In south-east Queensland, a 24-year-old man has died following a suspected altercation with two others. AAP has the details:

Police are investigating his death and a crime scene has been declared after the man died at a home on Wisteria St at Ormiston, east of Brisbane, overnight.

Officers believe the Morningside man died about midnight after he was involved in an altercation with two other men he knew, police said on Saturday.

Two men, aged 20 and 70, are assisting with inquiries and police have urged anyone with information to contact them.


Campaigners pushing to save ‘butterflies of the sea’

More than 50 species of sea slug have been discovered residing in the waters flowing beneath a somewhat unremarkable arch bridge connecting Phillip Island to the Victorian mainland, AAP reports.

Researchers say about 125 varieties of nudibranch are exclusive to the area, otherwise famously known as the abode of the little penguins. That accounts for 25% of southern Australia’s known sea slug species, and more than 6% of the world’s.

Yet little is known about the so-called “butterflies of the sea”, except that some are critically endangered as a result of advancing urbanisation.

In response, some 50 business, tourism, environmental and community groups have backed a strategic plan to preserve the Western Port Bay precinct.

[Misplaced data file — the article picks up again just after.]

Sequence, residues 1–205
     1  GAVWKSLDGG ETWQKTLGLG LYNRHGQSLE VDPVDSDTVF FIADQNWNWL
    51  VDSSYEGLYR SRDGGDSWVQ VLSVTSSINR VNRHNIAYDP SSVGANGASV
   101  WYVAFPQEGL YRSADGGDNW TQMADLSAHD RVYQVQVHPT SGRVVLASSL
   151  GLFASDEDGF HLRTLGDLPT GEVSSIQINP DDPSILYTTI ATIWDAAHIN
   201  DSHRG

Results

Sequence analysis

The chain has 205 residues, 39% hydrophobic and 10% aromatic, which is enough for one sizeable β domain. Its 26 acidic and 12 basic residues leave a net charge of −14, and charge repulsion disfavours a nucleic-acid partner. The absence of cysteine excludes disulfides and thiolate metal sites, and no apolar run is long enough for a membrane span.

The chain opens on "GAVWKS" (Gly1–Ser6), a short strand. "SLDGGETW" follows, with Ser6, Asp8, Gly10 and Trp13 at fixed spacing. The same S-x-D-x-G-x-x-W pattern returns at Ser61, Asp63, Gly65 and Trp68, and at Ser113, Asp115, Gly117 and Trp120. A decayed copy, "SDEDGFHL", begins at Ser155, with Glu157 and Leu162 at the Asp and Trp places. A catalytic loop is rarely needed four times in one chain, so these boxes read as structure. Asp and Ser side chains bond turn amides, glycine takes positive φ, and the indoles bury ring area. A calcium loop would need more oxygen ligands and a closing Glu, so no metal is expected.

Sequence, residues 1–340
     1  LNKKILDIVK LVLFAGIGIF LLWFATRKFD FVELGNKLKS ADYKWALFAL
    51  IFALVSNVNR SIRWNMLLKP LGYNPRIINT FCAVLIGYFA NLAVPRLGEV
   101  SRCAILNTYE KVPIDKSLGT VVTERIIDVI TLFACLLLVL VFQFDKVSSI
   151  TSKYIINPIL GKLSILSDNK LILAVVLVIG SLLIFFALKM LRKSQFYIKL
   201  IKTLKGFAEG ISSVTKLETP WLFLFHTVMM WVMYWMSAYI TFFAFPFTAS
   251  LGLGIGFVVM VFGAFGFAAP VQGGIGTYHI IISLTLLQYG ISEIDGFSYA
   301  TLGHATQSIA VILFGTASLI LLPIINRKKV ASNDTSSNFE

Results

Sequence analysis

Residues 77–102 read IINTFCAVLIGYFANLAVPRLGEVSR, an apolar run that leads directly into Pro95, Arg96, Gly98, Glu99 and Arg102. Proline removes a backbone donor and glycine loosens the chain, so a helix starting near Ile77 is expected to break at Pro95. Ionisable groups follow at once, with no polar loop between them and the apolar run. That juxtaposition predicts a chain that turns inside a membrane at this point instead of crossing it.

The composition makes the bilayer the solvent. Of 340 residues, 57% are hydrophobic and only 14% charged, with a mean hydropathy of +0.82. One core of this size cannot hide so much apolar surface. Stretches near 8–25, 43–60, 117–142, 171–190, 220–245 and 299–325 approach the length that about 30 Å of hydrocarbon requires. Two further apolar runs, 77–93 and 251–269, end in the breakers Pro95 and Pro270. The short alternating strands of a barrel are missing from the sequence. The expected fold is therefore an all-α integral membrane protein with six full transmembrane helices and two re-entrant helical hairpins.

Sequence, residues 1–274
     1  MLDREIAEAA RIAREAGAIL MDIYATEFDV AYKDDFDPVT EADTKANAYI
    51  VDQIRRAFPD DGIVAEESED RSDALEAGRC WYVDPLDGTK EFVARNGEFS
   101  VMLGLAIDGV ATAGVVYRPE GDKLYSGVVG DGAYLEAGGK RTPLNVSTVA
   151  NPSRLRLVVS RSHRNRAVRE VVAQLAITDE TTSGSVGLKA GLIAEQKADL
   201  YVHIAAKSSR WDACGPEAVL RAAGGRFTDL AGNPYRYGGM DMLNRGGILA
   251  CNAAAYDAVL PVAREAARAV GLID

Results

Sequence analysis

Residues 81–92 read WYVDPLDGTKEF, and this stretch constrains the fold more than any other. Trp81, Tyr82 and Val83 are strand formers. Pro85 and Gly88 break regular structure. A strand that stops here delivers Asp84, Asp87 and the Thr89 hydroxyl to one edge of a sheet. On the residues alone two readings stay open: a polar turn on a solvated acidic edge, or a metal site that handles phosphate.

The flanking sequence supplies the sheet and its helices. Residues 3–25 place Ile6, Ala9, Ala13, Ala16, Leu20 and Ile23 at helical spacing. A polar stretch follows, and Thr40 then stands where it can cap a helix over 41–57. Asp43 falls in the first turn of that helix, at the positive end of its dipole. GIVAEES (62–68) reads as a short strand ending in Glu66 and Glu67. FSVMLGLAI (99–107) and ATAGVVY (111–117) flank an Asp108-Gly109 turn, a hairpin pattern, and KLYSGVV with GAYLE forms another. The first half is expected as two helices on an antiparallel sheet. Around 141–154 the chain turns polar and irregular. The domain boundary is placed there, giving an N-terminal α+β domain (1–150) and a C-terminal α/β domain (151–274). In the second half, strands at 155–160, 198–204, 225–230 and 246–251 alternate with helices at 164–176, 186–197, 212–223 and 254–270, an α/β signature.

Victorian National Parks Association conservation campaigner Shannon Hurley said of the slugs:

These incredible creatures are a beautiful ... part of our precious marine ecosystem.

Most people probably think of penguins at Phillip Island, but the bay is home to this mind-blowing collection of colourful sea slugs.

Almost two-thirds of the state’s threatened bird species, along with seals and elephant fish, are also reliant on the area.

Hurley said a poll of 1,000 Victorians found 82% backed the preservation plan, with 34% showing strong support.

Citizen scientists have been at the heart of discovering and documenting the slug hotspot under the Phillip Island Bridge since their first foray there in 2018.

Sea Slug Census events, about 75 of which have been held across Australia since 2013, identify and monitor the eye-catching gastropods, collecting crucial information about environmental changes.


Clement Voule, the UN special rapporteur on freedom of association and peaceful assembly, says he is “alarmed” by the prison term for Deanna “Violet” Coco, a climate protester who blocked a lane of traffic on Sydney Harbour Bridge for about 25 minutes in April.

#Australia - I am alarmed at #NSW court's prison term against #ClimateProtester 𝗗𝗲𝗮𝗻𝗻𝗮 𝗖𝗼𝗰𝗼 and refusal to grant bail until a March 2023 appeal hearing. Peaceful protesters should never be criminalised or imprisoned.👇🏽

— UN Special Rapporteur Freedom of Association (@cvoule) December 2, 2022

Coco was sentenced on Friday to 15 months in prison with a non-parole period of eight months. You can read more about her case here:


Excitement builds over Socceroos v Argentina World Cup clash

Turning to the inescapable for a minute: the upcoming Socceroos match tomorrow against Argentina.

Socceroos coach Graham Arnold believes the Australians can rise to the challenge as they gear up to play their first World Cup knockout in 16 years. He told AAP:

I do believe the short turnaround [of three days] is an advantage for us … because we don’t sit for five days wondering about the opposition or Argentina.